How to Practice Critical Thinking in 4 Steps

Our lives are the result of the myriad choices we make all day long every day, from little things like what we eat for breakfast to life-changing decisions like whether or not we should go back to school. Big or small, every choice we make results in an outcome, and the accumulation of these outcomes shapes our lives. Eating too much of certain foods is eventually going to make a person fat and unhealthy. Going back to school can be the worst decision you've ever made if you don't manage your time, or it could increase your salary and be the best thing you've ever done. Practicing critical thinking makes the difference between good decisions and bad ones, but if you haven't been taught how to think critically, where do you begin?

I was lucky to have been assigned a fabulous college counselor as a freshman at St. Olaf College: Dr. Howard Hong. He was a philosopher and Kierkegaard scholar, and as a student in every course he offered, I learned to reason. It didn't happen overnight. I was 40 before I recognized the gift he had given me. I wrote to him to thank him. He replied on a postcard, "How wonderful that a spark struck so long ago finally caught flame."

I share that because I want you to know that it can take time to practice critical thinking, and that it's never too late to start. It is also a skill that nobody practices 24/7. Sometimes we are good at it, and sometimes we're not, but the more awareness we have of trying to think critically as often as possible, the better life becomes.

The Foundation for Critical Thinking, found at criticalthinking.org, suggests that practicing the following four steps will help you become a critical thinker.

01
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Ask Questions

Critical thinking steps and success plan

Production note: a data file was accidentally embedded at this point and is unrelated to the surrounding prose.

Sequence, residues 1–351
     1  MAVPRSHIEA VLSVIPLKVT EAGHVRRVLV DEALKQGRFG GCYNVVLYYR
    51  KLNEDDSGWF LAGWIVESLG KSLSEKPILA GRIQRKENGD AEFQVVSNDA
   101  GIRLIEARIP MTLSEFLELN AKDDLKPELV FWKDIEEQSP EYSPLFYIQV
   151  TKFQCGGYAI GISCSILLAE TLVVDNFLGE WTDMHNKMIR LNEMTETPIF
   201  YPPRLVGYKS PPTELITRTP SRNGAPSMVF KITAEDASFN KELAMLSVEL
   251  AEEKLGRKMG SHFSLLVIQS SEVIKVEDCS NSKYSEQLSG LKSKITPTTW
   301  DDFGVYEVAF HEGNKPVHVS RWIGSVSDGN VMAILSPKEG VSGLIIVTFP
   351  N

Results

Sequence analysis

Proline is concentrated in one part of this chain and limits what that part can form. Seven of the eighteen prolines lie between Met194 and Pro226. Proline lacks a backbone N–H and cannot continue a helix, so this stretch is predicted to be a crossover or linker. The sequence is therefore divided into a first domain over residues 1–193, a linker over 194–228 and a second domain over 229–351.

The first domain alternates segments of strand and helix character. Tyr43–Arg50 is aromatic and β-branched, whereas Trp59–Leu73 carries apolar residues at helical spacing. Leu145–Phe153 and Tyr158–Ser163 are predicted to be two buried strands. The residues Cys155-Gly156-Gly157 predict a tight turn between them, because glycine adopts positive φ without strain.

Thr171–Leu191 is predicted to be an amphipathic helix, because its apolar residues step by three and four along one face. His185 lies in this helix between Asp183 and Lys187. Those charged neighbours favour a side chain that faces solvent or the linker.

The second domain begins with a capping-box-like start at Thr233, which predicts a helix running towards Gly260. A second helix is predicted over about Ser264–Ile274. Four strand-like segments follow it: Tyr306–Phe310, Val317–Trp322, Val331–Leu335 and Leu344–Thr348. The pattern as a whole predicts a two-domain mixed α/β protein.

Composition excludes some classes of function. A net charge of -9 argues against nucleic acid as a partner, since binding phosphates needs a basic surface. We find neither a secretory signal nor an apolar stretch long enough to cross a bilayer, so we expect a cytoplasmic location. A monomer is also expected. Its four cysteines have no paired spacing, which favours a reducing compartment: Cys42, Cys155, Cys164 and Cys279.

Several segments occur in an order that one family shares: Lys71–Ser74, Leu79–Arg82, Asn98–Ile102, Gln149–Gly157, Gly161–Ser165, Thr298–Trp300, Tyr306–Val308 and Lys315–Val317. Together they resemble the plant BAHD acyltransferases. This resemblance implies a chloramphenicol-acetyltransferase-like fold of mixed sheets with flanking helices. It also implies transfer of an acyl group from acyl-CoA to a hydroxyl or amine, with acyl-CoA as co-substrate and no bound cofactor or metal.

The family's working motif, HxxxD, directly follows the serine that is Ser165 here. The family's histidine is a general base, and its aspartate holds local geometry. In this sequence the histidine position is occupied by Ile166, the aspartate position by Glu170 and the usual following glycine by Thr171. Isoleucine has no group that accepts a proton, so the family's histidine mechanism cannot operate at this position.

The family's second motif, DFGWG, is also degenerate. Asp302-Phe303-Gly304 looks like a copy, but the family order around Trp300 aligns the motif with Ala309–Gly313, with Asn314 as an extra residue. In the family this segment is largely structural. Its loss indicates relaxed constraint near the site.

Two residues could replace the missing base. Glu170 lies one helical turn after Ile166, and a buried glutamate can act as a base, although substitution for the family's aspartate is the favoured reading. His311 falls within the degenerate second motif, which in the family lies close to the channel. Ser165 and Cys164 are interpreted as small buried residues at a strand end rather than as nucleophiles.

Creative-idea/Digital Vision Vectors/Getty Images

Critical thinkers start by asking questions about whatever is in front of them. They consider cause and effect. If this, then what? If that, then how is the outcome different? They understand that every action has a consequence, and they think about all possible outcomes of decisions before they make them. Asking questions helps this process.

Be curious, about everything.

02
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Interview - Jack Hollingsworth - Photodisc - GettyImages-200325177-001
Jack Hollingsworth - Photodisc - GettyImages-200325177-001

Once you have asked every question you can come up with about a matter (it helps to write them down), seek information that will help you answer those questions. Investigate! Do some research. You can learn almost anything on the Internet, but it's not the only place to do your research. Interview people. I'm a big fan of polling. Ask the experts around you. Gather information and various opinions you can use to make your own determination. The wider the variety, the better.

03
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Thinking - Hero Images - GettyImages-468773931
Hero Images - GettyImages-468773931

You've got a pile of information, and now it's time to analyze it all with an open mind. This is the most challenging part, in my opinion. It can be pretty difficult to recognize the filters that were instilled in us from our first families. We are products of our environments, of the ways in which we were treated as a child, of the role models we've had throughout our lives, of the opportunities we have said yes or no to, of the sum of all of our experiences.

Try to be as aware as possible of those filters and biases, and turn them off. Question everything during this step. Are you being objective? Are you speculating? Assuming anything? This is the time to look at every thought as purely as possible. Do you know it to be absolutely true? What are the facts? Have you considered the situation from every different point of view?

Be ready to be surprised by how many times we all jump to conclusions that aren't reached through critical thinking.

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Communicate Solutions

Study Group by Dougal Waters - Getty Images
Dougal Waters - Getty Images

Critical thinkers are more interested in solutions than in placing blame, complaining, or gossiping. Once you've reached a conclusion through critical thinking, it's time to communicate and implement a solution if one is called for. This is the time for compassion, empathy, diplomacy. Not everyone involved will have thought the situation through as critically as you have. It's your job to understand that, and to present solutions in a way that everyone can understand.

Learn more about critical thinking at The Critical Thinking Community. They have lots of resources online and for purchase.